Thursday, December 2, 2021

Yes Twitter shadow bans (why Twitter is toxic)

A pathological paternalistic authoritarian and Nurse Ratched
Previously news came from reporters on scene with access to satellites and giant video cameras. Now that every citizen is a videographer, ever-present at all scenes, instantaneously able to communicate through internet access, the new frontier for breaking news is social media. With Twitter leading this revolution (for now), it must come with an incredible power to shape public opinion and a sense of responsibility to ensure public safety. It’s clear Twitter as a company has an ideological slant. Jack Dorsey himself admitted this on Joe Rogan’s podcast, stating conservatives at his company are afraid to speak up. With Dorsey stepping down as CEO and new rules requiring permission for media use, there’s a strong chance the goal is censorship and to further their ability to shape news and narratives.

Does Twitter shadow ban?

Look up “Does Twitter shadow ban?” and this article comes up:

Setting the record straight on shadow banning - Twitter Blog
Jul 26, 2018

“We do rank tweets and search results. We do this because Twitter is most useful when it’s immediately relevant.”

Translation: we decide for you what’s useful and have a ranking system of questionable practices.

It continues...

“We must also address bad-faith actors who intend to manipulate or detract from healthy conversation.”

Translation: we shadow ban. Again this doesn’t say spam bots or Russian spies. So who decides what constitutes a bad faith actor or someone who “detract[s] from healthy conversation,” or what healthy conversation even entails? Calling for healthy conversation is innately political, certainly you could not argue it’s apolitical. Memes and shit-posting are the junk food of internet dialogue, rarely healthy, yet I would see no reason to censor or otherwise curtail them. I’m confused by people who can vent their opinions publicly online to theoretically billions of people and are surprised when some of the reactions are pointed or uncouth. I’m surprised when tech companies believe it’s at all possible to try to shape billions of conversations in real-time and reasonably understand their context, tone, or irony. It’s clearly a problem you can’t address without making worse.

A bad faith actor is decided by:

“2. What actions you take on Twitter (e.g. who you follow, who you retweet, etc)”

“3. How other accounts interact with you (e.g. who mutes you, who follows you, who retweets you, who blocks you, etc)”

So get this, they don’t shadow ban, but they do heavily reduce your visibility in a ranking system from being seen based on the people you follow and who you like. Of course, you might also get this treatment if you are followed by someone who is a “bad faith actor” against your will. This is also the case if you’re ignored or blocked.

They act as if this is complicated. You don’t need a complex algorithm. Most popular, newest, oldest, random (+ your convoluted AI shadowbanning system). From there, delete spam and anything unlawful. If you don’t want swearing, put a filter for it that can be turned off. You don’t get to decide who is acting in bad faith, not without ruining your platform. What does this even mean. Can you not have a bad day, a snide or sarcastic comment, a temperamental disposition? Can you be anything but positive? Can you be extraordinarily negative if you have the right political leanings?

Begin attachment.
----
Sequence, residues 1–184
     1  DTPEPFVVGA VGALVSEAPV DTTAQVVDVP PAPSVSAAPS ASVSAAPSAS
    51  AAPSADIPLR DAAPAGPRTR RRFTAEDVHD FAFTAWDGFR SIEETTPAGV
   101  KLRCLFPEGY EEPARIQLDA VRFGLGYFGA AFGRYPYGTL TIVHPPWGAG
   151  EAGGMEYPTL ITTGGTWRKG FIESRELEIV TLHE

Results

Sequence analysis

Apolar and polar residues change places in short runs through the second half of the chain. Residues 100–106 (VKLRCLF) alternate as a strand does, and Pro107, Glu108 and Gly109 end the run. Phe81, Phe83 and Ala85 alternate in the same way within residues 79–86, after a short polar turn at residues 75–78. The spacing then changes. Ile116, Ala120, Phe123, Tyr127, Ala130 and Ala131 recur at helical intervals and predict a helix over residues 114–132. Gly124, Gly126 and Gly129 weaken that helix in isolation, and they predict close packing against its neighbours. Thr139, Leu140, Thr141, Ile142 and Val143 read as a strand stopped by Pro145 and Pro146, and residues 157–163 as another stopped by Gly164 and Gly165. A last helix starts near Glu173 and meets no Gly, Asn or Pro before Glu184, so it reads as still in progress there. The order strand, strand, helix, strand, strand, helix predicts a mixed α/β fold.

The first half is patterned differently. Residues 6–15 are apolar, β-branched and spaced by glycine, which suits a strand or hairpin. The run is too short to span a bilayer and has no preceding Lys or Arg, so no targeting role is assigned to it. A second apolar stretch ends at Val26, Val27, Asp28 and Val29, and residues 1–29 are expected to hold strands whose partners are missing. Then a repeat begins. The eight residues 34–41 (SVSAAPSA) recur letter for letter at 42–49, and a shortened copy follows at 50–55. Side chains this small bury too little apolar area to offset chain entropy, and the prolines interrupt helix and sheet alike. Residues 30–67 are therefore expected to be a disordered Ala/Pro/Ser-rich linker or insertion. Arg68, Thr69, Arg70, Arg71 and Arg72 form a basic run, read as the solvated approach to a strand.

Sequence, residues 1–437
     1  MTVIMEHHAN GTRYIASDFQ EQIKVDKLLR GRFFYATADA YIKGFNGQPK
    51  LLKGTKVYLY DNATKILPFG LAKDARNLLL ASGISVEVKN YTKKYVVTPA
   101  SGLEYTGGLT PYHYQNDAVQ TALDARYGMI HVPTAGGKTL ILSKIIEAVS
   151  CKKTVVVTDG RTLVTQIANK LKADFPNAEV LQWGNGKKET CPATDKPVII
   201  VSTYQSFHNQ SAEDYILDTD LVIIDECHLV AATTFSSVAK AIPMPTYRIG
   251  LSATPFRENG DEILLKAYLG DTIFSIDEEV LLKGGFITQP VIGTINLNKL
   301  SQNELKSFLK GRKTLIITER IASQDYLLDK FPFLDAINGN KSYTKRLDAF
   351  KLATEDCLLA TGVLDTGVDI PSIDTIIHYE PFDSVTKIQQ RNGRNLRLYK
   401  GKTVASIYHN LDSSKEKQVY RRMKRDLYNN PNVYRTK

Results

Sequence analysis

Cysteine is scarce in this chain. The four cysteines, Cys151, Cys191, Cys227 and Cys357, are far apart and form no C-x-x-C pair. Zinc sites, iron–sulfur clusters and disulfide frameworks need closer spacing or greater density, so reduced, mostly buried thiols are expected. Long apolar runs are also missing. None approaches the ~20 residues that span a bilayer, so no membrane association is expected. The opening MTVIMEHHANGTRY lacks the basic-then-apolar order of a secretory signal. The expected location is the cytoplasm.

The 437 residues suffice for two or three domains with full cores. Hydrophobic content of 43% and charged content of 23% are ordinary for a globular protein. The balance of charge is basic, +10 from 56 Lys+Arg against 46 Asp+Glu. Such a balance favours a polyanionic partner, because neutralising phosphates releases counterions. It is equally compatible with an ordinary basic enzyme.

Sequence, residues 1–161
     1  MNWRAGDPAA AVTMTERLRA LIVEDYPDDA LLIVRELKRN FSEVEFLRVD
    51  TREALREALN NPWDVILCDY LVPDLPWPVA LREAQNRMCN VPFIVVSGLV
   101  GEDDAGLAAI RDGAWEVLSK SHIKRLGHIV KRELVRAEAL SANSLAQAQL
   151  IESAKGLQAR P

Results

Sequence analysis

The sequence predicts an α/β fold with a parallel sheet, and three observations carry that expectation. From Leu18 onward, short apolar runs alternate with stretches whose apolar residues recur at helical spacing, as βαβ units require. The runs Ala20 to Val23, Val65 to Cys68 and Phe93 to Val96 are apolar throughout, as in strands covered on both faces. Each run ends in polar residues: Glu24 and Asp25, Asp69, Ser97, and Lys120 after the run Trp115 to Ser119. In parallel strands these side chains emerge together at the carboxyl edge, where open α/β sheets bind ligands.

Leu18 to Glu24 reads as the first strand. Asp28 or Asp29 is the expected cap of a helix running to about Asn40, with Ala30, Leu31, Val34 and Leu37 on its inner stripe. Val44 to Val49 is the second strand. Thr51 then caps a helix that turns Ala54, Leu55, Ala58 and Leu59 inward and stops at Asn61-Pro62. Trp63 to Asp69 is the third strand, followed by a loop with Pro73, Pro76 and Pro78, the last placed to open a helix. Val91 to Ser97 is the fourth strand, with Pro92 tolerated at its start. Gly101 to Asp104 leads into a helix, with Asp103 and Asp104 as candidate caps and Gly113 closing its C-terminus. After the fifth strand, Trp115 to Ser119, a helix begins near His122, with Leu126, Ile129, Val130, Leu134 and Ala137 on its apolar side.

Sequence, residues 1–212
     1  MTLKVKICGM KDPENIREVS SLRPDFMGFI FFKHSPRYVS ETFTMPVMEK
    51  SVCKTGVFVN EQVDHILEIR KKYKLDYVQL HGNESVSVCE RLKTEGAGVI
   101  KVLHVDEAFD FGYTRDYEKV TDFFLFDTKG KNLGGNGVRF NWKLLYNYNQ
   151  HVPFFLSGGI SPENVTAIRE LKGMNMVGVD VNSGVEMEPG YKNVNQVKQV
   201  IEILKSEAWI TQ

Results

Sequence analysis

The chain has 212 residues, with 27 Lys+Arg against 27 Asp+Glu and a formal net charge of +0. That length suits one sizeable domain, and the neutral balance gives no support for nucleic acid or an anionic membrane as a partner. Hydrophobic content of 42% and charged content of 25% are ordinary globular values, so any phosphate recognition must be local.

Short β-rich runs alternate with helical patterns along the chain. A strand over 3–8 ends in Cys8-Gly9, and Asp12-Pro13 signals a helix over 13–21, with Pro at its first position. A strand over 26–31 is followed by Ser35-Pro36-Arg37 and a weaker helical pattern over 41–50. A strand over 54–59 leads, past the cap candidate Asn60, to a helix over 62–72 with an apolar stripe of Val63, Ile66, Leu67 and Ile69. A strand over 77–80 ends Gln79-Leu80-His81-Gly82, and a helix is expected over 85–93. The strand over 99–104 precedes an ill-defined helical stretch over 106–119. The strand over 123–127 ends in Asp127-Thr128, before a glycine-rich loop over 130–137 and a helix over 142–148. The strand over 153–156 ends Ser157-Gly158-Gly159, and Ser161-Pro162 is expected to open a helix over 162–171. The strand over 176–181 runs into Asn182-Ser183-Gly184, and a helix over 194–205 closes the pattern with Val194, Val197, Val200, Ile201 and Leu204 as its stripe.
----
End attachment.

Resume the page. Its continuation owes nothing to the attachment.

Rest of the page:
It’s a big deal. If you get banned on Twitter you lose access and the ability to interact with politicians, police, and emergency services.

In addition to them admitting it, here’s more hardcore due diligence:

Many posts have a “show more replies” button even if the thread only has a couple responses. The responses often include aggressive language or references to harsh topics like pedophilia. Regardless if it is relevant to the original thread, these are put into a quarantined area, and within this is yet another layer called, “show additional replies, including those that may contain offensive content.”

Why is Twitter hostile?

My theory is the two are related. There’s already bluechecks and follower counts to give the famous an amplification of their words. In addition to this, the masses of “voiceless” people go not only unheard, many are actively silenced. By being labeled a bad faith actor, their words suppressed by algorithms informed by political opinions, potentially furthering their alienation and creating a reactive desire to dig their heels in. Its simply an incredibly cruel thing to do to give people the impression of a voice or participation, left to wonder why even their innocuous observations inspire no response. I imagine this is done: to protect celebrities and persons of power, out of paternalism, to dictate narratives, political aims and “healthy conversations,” and to please advertisers. A website with an emphasis on celebrity and status, fomenting an increasingly unhinged group of the shadow“ranked,” where conversation is already limited in length, is a recipe for the horror show it is now.

What is the fix?

Firstly, this is not going to happen. It would be like expecting the NRA to go woke. But, stop trying to fix it. Crazy people are a self-correcting problem. They are ignored naturally like they are living dick pill advertisements. Make the censorship an optional setting, make all public comments visible to everyone (with blocks focusing on interaction). What will happen is eventually decentralized social media. In the meantime, Twitter will continue to be the place where you get mega e-points for seeming virtuous rather than being it.

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